From fashion to furniture, houses to hair styles, every generation knows exactly what it finds attractive. And then the next-generation ingrates arrive on the scene to scoff at bygone trends, labelling them old-fashioned and outdated relics.
Architecture isn’t excluded from these generational fashion flip-flops, which is precisely what happened in Europe at the end of the 19th century.
Tired of the old rules of formal, classical design, in the late 1800s a new wave of architects made a 180° turn. No longer was beauty found in symmetry and regularity, but in nature and the human imagination. This new movement was Art Nouveau.
In the far north of Serbia, near the Hungarian border, the small city of Subotica (Soo-bo-teets-za) seems an unlikely location for an impressive collection of European Art Nouveau architecture. But at the beginning of the 20th Century it was a part of the far-reaching Austro-Hungarian Empire. And given its proximity to Budapest, its population at the time was distinctly European.
Art Nouveau was popular throughout Eastern Europe, and each area stuck to the basic tenets of the style. But local architects chose to superimpose regional preferences that were frequently based on nationalism and local folklore.
Architects in Helsinki, Finland were enthusiastic followers of the new trend and they had a penchant for animal adornments. There were animals of all types and sizes, both realistic and stylized. For the designers, this was a way to bring charming and playful animals out of their natural habitats and into a busy, industrial city.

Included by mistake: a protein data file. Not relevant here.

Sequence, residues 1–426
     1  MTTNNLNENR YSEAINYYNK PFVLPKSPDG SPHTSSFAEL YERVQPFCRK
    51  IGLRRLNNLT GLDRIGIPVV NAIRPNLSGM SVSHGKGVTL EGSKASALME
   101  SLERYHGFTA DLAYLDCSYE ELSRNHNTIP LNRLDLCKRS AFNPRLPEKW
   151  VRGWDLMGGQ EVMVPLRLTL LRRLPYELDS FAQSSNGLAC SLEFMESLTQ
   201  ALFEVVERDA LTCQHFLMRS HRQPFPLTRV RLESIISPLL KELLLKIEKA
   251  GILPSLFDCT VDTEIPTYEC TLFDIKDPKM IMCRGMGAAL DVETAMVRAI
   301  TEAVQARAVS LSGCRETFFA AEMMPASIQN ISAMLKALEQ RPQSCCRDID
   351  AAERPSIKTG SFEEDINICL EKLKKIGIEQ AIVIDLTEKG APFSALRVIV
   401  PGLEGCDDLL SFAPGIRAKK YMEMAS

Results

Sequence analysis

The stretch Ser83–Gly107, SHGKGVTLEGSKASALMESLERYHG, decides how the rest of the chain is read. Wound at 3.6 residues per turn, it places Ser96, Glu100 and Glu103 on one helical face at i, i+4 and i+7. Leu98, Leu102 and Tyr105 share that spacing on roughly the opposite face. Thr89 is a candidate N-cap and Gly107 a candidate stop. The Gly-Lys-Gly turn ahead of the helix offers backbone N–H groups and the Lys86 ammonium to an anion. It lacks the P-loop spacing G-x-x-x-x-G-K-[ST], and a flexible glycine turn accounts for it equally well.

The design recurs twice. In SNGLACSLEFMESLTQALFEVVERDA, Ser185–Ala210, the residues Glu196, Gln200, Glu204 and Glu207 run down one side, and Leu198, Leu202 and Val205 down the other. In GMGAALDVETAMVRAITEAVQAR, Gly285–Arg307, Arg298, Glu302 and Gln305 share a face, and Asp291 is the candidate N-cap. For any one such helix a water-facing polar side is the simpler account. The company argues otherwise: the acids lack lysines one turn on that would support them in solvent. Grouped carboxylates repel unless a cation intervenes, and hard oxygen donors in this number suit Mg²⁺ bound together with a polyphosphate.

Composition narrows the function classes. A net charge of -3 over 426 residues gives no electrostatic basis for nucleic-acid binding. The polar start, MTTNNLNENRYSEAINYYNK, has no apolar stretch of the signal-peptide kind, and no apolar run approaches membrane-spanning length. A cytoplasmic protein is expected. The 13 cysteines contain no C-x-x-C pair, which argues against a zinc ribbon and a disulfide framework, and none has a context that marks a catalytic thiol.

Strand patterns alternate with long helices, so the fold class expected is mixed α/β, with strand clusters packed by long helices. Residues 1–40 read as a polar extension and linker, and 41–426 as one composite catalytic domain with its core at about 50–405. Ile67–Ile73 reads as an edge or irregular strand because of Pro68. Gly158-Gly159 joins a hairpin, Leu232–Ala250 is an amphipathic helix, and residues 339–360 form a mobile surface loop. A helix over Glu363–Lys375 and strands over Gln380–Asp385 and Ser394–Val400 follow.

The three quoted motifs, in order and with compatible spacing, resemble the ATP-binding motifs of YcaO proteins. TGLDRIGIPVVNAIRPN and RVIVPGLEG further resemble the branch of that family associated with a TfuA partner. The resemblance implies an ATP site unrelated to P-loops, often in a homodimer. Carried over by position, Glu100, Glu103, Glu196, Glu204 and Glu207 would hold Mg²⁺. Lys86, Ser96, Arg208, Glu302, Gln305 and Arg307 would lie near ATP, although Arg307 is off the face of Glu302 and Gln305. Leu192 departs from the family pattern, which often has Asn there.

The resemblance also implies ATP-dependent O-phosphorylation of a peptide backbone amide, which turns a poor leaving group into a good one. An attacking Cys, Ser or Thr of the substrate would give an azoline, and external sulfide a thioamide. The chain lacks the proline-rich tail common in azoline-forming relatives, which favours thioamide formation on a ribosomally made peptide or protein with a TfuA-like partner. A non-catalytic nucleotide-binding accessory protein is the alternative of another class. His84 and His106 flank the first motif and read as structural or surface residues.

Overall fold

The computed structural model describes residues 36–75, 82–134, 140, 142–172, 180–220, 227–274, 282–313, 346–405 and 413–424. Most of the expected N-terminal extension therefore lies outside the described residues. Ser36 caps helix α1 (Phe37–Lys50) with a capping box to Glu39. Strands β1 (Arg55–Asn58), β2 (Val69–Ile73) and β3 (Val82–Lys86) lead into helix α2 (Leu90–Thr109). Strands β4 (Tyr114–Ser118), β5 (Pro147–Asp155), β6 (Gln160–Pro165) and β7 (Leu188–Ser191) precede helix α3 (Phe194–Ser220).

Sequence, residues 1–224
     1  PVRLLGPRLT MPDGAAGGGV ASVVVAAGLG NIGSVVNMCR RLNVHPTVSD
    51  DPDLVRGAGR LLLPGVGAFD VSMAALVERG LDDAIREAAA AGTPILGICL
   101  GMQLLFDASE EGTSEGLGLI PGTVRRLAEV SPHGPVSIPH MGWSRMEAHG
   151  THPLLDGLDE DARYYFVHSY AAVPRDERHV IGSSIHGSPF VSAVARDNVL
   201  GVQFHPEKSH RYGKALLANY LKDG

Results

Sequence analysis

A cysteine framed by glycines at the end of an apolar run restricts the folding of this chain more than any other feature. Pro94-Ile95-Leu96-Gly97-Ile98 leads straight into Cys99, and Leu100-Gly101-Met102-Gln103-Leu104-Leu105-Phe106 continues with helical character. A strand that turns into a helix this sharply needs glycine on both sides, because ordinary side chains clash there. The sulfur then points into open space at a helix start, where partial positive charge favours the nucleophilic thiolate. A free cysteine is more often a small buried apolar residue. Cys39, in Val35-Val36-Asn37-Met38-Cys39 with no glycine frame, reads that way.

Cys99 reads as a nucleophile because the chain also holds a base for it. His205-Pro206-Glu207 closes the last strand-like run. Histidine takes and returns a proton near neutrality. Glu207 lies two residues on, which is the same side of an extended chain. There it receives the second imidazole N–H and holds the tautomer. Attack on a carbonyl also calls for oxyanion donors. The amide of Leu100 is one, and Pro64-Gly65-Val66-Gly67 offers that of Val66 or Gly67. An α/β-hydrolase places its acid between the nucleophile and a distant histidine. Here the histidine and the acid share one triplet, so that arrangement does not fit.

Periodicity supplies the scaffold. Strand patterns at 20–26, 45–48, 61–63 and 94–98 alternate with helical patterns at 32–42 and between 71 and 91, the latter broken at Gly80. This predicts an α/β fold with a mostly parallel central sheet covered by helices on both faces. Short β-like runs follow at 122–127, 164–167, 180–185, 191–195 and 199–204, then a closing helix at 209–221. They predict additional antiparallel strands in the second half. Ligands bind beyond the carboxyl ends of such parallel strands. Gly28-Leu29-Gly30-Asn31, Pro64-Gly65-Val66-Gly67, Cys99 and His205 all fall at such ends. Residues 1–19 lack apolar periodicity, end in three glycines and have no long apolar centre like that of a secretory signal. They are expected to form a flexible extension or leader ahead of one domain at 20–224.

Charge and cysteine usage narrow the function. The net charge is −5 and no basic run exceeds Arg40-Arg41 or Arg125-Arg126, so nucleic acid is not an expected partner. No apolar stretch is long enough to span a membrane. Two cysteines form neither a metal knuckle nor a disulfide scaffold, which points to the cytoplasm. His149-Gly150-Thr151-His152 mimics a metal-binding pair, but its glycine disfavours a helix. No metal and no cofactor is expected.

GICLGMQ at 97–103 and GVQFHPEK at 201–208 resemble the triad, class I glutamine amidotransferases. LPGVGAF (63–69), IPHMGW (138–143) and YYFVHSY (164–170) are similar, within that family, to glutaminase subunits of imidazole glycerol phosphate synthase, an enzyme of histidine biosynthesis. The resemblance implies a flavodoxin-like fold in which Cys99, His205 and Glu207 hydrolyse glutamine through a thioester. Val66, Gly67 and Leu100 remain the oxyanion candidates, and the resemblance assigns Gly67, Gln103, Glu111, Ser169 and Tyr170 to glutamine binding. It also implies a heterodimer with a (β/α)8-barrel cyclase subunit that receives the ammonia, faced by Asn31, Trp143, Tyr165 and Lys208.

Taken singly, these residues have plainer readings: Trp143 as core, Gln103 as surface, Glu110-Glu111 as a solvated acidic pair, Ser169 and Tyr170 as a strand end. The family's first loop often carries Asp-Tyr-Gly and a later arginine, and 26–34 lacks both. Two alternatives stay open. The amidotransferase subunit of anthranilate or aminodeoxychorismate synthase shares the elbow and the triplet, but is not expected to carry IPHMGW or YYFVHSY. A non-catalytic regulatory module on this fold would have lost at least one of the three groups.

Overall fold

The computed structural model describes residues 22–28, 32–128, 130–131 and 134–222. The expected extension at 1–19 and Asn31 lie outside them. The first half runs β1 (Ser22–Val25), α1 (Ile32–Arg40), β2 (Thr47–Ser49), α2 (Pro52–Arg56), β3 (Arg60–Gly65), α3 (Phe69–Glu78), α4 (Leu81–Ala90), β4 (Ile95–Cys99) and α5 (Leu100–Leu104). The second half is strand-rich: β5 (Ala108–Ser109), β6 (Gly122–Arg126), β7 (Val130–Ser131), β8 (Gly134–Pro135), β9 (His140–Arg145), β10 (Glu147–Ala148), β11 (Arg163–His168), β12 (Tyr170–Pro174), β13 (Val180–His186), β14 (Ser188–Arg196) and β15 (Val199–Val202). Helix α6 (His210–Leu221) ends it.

Riga, Latvia, which has over 750 Art Nouveau buildings, is the undisputed “European Capital of Art Nouveau.” In Riga, the artists liked their animals realistic, but they showed a predilection for the human form included on their fancy facades – full bodies and faces – large and small, happy and sad. Riga was a non-stop show about how buildings can be more than function.
Which brings us to Subotica’s Art Nouveau. There’s a surprising variation of design in this small town: palaces, businesses, the city hall, and a synagogue.
Each building is unique, but when compared to northern styles, the architects in Subotica dialed down the animals and humans and cranked up plant and floral motifs, sinuous lines, creative use of ceramics, wavy shapes, and unusual color combinations.
The jewel in Subotica’s crown is the Raichle Palace. Architect Ferenc Raichle built the palace in 1904 on a prime location across the street from the park and train station.
His lavish design uses ceramics, wrought iron, carved wood, and a colorful floral motif. Unfortunately he spent a bit too generously on the palace, and in 1908 went bankrupt and was forced to move and sell everything.
On the main pedestrian street in the center stands the lovely Savings Bank Building. When it was built in 1907, it was the only bank on the city’s main street: location, location, location.
It’s hard to imagine a bunch of conservative bankers investing in such a flamboyant facade, but in addition to a stern-looking matron overseeing the goings-on, the designers included a couple of subtle architectural messages to mollify nervous customers: the beehive symbolizing frugality, and the squirrel representing trust. They obviously didn’t have bird feeders in those days.
There are many other Art Nouveau buildings and residences in Subotica, which makes it a worthwhile stop on any trip to Serbia. It’s a long day trip by bus from Belgrade, and an easy hop if you base yourself in Novi Sad, which we chose. The train station is on the main line from Budapest, so it can also be an intermediate stop on the way south from Hungary. If you want a feel for how the wealthy lived in fin de siècle Europe, a stop in Subotica will do it.
James & Terri
Last updated January 5, 2020